[quote=Sgt Sweaters]The Grace of God redeems not only we as persons, but our actions as well. The actions of a pagan amount to nothing because he rejects Grace, and so no amount of works will get him into heaven. We are required to act, and our actions work in accordance with our salvation, but they are only merited by Grace.
[/quote]

God’s Grace is our Salvation, but I would caution against the sweeping generalization on the actions of atheists amount to nothing. While I agree that it is mostly true, an atheist can still cooperate with God’s Grace unawares. While rare in the realm of time, honest atheists have lived who tried to live a virtuous life (I am not saying atheism is right). I would hesitate to say that God played no part in the good deeds done in less than perfect intentions. Thanks and God Bless.

since you mentioned atheism, ill throw this in, most people are confused as well on that there is no salvation outside the catholic church. main response: if your not catholic, your going straight to hell. not true. as in Jews are like the older brother, still in the same family, just not up to speed on things; protestants are like a runaway, trying to make it on their own; atheists(and any who just dont konw about God,or Jesus, for each their own reasons), because of the natural laws written on their hearts are like a kid lost at birth, still part of the same family, just never knew they had a father; and any who straight out reject God are like a kid who leaves home, after disowning his family, and rejects any inheritance the father has to give; the catholic would be the “suck up” who lives at home for the rest of his lifehttp://forums.catholic.com/images/icons/icon10.gif… we are all part of the same family, some just dont choose to see it like thati dont know if that analogy is actually worth anything, but i just thought about it at work, and figured id throw it out there…

slavation is like a pyramid… Grace at the top, needing both Faith and Works to get up enough to get to the Grace…
im just full of stupid analogys tongiht… i think i need sleephttp://forums.catholic.com/images/icons/icon6.gif

Thanks for all your input and help everyone-I really appreciate it! All the replies helped me to get a clearer understanding on this topic…I’m a practicing Catholic, but I think what I’ve been missing is the understanding behind all of our beliefs…I want to read the entire Catholic Bible-(which contains all the books of the Old Testament,)-just so I can get a better understanding of where our beliefs and apostilistic traditions come from…I just want to be able to defend what we as Catholics believe-I know our beliefs have a Biblical basis, and I’m tired of some Protestants challenging that our beliefs don’t.-I don’t mean to offend any non-Catholics on here, but I do want to start correcting the misrepresentations that some people have of Catholicism.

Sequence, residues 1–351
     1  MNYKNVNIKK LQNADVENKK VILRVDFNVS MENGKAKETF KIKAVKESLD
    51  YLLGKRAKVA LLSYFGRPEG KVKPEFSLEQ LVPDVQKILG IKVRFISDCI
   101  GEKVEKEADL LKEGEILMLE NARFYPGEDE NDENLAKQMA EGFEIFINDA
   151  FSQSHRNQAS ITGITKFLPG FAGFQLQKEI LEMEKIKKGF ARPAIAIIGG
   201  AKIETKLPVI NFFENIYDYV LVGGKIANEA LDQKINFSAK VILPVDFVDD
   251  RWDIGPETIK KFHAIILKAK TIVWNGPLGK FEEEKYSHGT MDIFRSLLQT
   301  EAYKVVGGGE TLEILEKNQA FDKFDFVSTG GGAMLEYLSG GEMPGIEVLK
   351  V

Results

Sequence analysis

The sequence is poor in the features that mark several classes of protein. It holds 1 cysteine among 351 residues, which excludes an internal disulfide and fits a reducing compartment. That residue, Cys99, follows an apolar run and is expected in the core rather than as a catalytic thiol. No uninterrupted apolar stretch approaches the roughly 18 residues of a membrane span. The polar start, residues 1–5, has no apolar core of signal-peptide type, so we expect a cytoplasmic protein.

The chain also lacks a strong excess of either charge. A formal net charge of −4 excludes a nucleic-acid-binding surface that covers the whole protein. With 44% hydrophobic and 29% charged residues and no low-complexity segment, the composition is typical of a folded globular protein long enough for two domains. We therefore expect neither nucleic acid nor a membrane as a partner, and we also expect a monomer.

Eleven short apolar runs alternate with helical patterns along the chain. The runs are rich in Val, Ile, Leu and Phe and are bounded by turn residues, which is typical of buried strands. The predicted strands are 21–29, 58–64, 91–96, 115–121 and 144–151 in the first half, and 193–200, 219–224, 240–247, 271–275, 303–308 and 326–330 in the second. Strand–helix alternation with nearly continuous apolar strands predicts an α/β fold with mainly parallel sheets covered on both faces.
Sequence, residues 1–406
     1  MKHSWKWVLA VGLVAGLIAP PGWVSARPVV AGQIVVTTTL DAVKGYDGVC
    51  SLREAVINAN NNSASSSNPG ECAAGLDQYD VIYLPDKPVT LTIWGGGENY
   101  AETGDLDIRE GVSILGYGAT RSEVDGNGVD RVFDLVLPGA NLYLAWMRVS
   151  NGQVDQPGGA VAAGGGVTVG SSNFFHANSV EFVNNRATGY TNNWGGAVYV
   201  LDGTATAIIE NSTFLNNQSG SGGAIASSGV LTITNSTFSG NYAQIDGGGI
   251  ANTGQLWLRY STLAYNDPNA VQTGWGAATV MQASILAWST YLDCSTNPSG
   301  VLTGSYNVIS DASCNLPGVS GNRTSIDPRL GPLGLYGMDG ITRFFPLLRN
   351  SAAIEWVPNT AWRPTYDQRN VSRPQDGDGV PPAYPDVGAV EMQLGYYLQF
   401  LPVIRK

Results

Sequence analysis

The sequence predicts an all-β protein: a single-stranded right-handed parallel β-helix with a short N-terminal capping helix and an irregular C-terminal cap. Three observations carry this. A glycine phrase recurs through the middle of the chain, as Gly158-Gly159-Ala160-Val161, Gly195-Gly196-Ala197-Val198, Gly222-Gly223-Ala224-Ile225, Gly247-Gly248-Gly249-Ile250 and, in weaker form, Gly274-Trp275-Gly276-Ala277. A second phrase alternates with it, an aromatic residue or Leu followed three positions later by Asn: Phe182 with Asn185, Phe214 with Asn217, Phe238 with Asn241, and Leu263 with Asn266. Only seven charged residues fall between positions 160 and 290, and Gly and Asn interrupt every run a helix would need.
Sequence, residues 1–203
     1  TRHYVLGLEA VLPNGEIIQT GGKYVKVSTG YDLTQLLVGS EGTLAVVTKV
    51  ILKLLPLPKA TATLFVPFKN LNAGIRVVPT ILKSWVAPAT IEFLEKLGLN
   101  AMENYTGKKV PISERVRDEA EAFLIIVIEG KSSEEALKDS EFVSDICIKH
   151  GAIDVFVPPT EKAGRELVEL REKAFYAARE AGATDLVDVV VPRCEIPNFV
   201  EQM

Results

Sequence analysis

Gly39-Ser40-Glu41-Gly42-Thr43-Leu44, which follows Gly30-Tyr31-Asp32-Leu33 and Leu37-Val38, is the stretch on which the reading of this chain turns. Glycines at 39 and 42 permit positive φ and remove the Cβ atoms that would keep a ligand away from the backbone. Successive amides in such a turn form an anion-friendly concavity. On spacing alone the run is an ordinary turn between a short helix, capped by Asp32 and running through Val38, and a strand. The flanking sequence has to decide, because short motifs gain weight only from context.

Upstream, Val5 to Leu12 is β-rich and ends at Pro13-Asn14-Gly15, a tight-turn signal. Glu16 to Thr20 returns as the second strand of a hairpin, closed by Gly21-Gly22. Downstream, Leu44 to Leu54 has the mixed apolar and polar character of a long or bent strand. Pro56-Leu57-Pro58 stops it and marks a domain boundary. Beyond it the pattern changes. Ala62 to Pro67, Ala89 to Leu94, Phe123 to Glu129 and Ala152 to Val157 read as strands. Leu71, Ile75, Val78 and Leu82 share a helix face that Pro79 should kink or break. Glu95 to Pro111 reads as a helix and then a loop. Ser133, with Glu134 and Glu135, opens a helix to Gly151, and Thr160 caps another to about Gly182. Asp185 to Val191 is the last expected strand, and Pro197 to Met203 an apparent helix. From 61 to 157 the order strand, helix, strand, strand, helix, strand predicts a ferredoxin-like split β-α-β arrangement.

Thanks again, everyone!:slight_smile:

The main difference for Catholics and Protestants regarding salvation relates to how both groups define the term. Salvation, to a Protestant, is a one time event that occurred sometime in the past. Salvation, to a Catholic, is a life-long process culminating finally when we enter heaven. The question then becomes, especially when conversing with Protestants, which view is more biblical?

Eph 2:8: Salvation is a past event, gained by faith and baptism (1 Pet 3:21), at which point a person goes from being “in Adam” to “in Christ”. Thus they attain to the state of grace.

Phil 2:12: Salvation has a present dimension, which we work out with fear and trembling. This is also what James speaks of when he says faith alone is insufficient (James 2). And what Paul speaks of when he says our works are a gift from God (Eph 2:10). As Christians who have freely received the state of grace in the past, we now cooperate with God’s grace for justification/sanctification/salvation.

Rom 13:11: Salvation has a future dimension. We are called to work out our salvation (Phil 2:12) tomorrow also, not just today.

Funny how Protestants always like to quote Eph 2:8-9 as if we are somehow supposed to ignore verse 10. I do believe Paul wanted us to read verse 10 (and the rest of Eph) as well. It says:

Eph 2:8 For by grace you are saved through faith, and this is not from yourselves; it is God’s gift-- 9 not from works, so that no one can boast. 10 For we are His making, created in Christ Jesus for good works, which God prepared ahead of time so that we should walk in them.

Interesting, isn’t it, that in the words of Paul, we are created for good works! That is why the Catholic concept of salvation is grace working in love.

Gal 5:6 - For in Christ Jesus neither circumcision nor uncircumcision accomplishes anything; what matters is faith working through love.

1 Cor 13:2 - If I have the gift of prophecy, and understand all mysteries and all knowledge, and if I have all faith, so that I can move mountains, but do not have love, I am nothing.

Scripture is quite clear, you have to do something with your faith, or it is dead (as James points out). While you can’t “work” your way to heaven, neither can you get to heaven without good works. So how can good works not be part of the equation?

MBS1